Mouse position screen coordinates –event.screenx, Event.screeny

Screenx and Screeny with the table are the coordinates of the mouse over the entire screen.

Window coordinates-event.clientx, Event.clienty

The coordinates of this mouse in the Browser client window area (which part of the actual display page). The Customer window area does not include scroll bars and other window attachments (such as Firebug) that appear inside the browser.

Regardless of the horizontal or vertical axis, the mouse customer coordinates are generally smaller than the screen coordinates, because the browser outermost is usually a box.

In browsers that support position:fixed, these two properties are useful, especially if the clienty corresponds to the y-coordinate of the fixed location.

element coordinate-event.offsetx,event.offsety

When a mouse event occurs on an element, the coordinate is a coordinate of the mouse relative to the top-left corner of the element, and the maximum coordinate value depends on the size of the element. That is, this coordinate is a new coordinate of the element's internal coordinate system, which is only related to the element size, and the origin is in the upper left corner of the element.

Both IE5-10 and Chrome support two properties, but there are no two properties in Firefox.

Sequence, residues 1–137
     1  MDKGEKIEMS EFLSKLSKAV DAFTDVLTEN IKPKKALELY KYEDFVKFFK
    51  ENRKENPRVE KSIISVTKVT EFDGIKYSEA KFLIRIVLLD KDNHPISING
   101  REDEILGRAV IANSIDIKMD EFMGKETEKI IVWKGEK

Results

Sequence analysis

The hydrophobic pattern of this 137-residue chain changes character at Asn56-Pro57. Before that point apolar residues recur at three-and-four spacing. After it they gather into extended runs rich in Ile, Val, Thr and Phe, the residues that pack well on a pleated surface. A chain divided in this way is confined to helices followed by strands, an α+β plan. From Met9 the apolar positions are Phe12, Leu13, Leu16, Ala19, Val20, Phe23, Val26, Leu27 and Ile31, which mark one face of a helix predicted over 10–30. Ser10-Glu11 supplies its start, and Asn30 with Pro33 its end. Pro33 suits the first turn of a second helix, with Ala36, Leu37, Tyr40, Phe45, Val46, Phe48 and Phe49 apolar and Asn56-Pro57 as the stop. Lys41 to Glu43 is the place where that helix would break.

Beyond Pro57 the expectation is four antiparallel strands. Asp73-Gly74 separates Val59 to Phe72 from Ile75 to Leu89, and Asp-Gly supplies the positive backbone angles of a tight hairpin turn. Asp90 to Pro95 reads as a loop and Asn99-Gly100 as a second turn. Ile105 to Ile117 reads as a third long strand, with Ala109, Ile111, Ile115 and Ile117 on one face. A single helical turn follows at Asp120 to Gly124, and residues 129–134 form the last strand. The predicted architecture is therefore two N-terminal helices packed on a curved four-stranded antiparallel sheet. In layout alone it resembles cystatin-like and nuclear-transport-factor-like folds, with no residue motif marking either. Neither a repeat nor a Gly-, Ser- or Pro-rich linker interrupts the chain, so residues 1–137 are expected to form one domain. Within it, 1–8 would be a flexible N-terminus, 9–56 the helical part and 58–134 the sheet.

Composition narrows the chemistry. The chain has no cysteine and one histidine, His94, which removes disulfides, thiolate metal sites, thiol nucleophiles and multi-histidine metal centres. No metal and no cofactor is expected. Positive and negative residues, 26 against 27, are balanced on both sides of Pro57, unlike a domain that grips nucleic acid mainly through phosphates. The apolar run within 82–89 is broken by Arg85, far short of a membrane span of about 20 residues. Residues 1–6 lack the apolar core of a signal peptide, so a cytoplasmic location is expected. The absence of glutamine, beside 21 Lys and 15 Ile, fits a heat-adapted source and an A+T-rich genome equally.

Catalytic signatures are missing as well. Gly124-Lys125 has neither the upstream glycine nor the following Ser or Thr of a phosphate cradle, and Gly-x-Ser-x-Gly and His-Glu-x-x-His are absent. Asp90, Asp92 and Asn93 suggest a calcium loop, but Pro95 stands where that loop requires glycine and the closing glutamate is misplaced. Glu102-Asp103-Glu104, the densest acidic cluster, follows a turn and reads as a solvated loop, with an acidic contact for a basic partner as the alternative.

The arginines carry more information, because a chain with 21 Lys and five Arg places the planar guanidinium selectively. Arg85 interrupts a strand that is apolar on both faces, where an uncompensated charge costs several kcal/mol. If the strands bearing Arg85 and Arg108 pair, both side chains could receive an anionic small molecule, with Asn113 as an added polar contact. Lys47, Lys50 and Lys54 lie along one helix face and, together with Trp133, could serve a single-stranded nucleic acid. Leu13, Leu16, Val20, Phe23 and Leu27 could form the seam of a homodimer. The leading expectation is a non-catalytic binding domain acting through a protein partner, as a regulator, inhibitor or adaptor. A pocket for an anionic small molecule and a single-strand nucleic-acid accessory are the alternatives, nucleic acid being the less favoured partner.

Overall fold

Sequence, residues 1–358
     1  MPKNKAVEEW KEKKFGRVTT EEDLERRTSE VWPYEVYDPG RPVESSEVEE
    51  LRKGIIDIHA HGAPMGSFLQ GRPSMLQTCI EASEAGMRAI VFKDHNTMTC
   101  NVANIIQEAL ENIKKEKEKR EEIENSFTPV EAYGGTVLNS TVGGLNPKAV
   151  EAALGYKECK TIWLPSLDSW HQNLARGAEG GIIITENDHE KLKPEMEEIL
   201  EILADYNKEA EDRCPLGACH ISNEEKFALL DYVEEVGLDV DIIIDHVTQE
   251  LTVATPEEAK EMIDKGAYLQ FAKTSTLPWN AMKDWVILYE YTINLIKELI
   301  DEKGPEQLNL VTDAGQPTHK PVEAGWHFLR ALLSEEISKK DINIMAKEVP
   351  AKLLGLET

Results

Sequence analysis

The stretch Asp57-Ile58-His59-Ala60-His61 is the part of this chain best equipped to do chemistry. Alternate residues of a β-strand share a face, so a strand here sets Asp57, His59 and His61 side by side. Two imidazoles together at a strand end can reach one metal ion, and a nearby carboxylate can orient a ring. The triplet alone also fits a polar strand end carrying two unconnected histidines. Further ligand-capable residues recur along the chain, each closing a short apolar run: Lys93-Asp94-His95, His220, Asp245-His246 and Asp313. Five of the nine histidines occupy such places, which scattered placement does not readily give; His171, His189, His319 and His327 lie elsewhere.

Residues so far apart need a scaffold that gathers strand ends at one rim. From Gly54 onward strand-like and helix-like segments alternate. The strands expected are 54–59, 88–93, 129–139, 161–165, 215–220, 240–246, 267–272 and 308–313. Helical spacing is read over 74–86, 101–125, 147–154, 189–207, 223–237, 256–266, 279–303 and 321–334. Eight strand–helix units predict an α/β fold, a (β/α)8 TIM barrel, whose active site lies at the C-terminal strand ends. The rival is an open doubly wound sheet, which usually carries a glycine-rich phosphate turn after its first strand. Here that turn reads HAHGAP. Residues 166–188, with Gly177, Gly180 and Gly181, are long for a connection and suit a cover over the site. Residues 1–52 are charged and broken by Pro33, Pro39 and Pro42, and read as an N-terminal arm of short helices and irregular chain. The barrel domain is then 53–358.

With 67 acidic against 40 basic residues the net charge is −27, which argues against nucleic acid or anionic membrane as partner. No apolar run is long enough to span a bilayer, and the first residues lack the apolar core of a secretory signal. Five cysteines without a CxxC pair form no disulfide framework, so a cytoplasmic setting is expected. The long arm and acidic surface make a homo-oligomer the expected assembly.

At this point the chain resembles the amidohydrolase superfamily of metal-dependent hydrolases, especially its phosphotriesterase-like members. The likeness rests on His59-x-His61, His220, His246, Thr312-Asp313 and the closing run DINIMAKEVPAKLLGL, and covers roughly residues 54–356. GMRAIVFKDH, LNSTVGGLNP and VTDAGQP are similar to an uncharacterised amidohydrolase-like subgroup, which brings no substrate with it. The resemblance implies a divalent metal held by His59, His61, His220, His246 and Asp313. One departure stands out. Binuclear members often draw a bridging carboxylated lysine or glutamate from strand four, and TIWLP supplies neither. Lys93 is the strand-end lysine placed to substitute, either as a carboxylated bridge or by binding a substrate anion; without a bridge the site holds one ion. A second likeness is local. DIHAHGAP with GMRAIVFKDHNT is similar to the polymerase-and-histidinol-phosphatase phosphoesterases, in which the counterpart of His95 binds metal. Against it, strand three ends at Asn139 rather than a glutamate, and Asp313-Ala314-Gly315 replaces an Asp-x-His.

These two properties are useful when dragging elements, which can be used to ensure that the mouse is in the position of the initial click Element during drag. But because Firefox does not support two properties, this calculation is somewhat complicated. Fortunately, starting with the FIREFOX3 element supports the Getboundingclientrect () method, which allows you to get the coordinates of the element relative to the browser window. The window coordinates of the element are then subtracted from the mouse event's window coordinate, which is the offset coordinate of the upper-left corner of the relative element, i.e. OffsetX and offsety.

Move offset Vector-event.movementx,event.movementy

These two values are the relative coordinates of the mouse movement during the two mouse movement event interval, and are computed as follows: currentEvent.movementX =currentEvent.screenX - previousEvent.screenX .

Only Firefox,chrome supports these two properties at this time.

Mouse event comparison with mouse position